Why influence is a competitive advantage

| April 29, 2016

In our work environment shaped by technological disruption we are expected to deliver more results in a faster time frame and with less resources. Michelle Gibbings has a strategy to get things done and make change happen.

Technological disruption is driving a wave of change so great that the World Economic Forum has termed it the fourth industrial revolution. It is predicted that this change will blur the lines between the physical, digital and biological spheres and fundamentally change the way we live and work.

It’s not surprising that companies, both big and small, are on a drive to respond to this – across all sectors of their business. But these advances in technology are creating a working environment which is more, not less complex.

At work you are expected to deliver more results, in a faster timeframe and with less resources. The result is a more complex and bureaucratic working environment. There’s endless meetings, countless stakeholders to consult and shifting goal posts. This creates the inevitable sense of busy-ness, often with little progress to show.

Why? Because it’s hard to get things done. It’s hard to make change happen. It’s hard to navigate the complexity. The antidote to this dilemma is attaining the competitive advantage of being able to influence. This is not self-serving influence. Rather it’s focused on ensuring balanced outcomes and considering the needs of all stakeholders.

To do that, you need the optimal mix of technical and behavioural skills. Being technically brilliant is one thing, but it’s not the foundation on which to build a platform for influence.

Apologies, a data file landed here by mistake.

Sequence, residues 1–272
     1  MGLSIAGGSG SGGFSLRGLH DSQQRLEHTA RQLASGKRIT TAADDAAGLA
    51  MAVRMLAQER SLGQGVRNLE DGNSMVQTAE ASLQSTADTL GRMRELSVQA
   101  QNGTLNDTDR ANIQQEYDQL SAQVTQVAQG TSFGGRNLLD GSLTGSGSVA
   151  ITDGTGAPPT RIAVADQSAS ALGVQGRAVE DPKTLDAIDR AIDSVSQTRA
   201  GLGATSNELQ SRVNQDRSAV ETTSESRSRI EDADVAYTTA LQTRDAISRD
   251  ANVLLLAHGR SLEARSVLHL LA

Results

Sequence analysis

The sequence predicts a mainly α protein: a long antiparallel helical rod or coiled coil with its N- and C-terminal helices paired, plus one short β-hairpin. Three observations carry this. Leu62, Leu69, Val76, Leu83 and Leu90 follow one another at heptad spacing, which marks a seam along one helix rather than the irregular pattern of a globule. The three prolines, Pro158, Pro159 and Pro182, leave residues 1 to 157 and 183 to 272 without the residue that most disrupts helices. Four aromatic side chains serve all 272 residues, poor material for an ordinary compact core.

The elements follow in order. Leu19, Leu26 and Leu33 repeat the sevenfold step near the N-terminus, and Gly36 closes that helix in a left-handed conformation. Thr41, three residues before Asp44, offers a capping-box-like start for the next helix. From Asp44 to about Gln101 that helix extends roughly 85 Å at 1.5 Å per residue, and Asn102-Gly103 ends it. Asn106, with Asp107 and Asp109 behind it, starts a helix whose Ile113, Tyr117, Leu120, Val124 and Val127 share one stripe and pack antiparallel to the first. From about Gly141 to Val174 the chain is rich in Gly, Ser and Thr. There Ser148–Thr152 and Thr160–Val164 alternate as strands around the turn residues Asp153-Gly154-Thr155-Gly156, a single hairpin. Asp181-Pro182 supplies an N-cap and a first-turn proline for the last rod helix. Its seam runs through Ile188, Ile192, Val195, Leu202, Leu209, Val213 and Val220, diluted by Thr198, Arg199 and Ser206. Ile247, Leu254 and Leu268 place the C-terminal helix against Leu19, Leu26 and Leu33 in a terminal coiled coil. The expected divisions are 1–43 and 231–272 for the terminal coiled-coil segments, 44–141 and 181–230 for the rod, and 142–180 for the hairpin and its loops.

Successful professionals know how to influence. They know how to get things done through other people and are aware of the environment in which they are operating. They know how to use their personal power to secure outcomes, enabling them to cut through the noise, get traction and make change happen. This creates competitive advantage in the workplace.

In contrast, those who can’t influence find themselves exiled from the organisation’s decision makers. They become ‘out of the loop’ on issues that matter. Uninvolved in critical decisions. Their voice goes unheard – all of which makes it harder for them to get things done. And professionals who can’t deliver results, don’t progress. This impacts their career, but also those around them. A 2010 Harvard study found that a lack of progress is one of the biggest de-motivators in the workplace.

People want to feel they are making progress on work that matters, and that their manager ‘has their back’. If their manager is powerless to influence outcomes, it impacts the team’s morale.

You can’t rely on traditional hierarchies to get things done. The organisational dynamics are different. It’s important to understand who influences whom, how decisions are made and what avenues exist to make progress and influence outcomes. This is about understanding the influencing factors operating in the ‘organisational system’ and having the nous to find the ‘the back door’ and leverage the informal networks though which decisions are often made.

Professionals who can influence know themselves and what motivates their behaviour, just as much as they understand others. They are able to manage their own behavioural responses. They are also equipped with the skills to:

  • motivate behaviour change
  • build solid stakeholder relationships
  • create coalitions of support for change
  • communicate in an authentic and compelling manner
  • negotiate important decisions

In doing this, they take ownership of their personal power. This is power that is derived from within and is consciously acquired. When a person has the right behavioural skill-set they can be more confident to hold their own with their peers and more senior stakeholders. This creates personal power and in turn generates influence. If professionals want to step up and progress in today’s complex and changing world they need to be able to influence.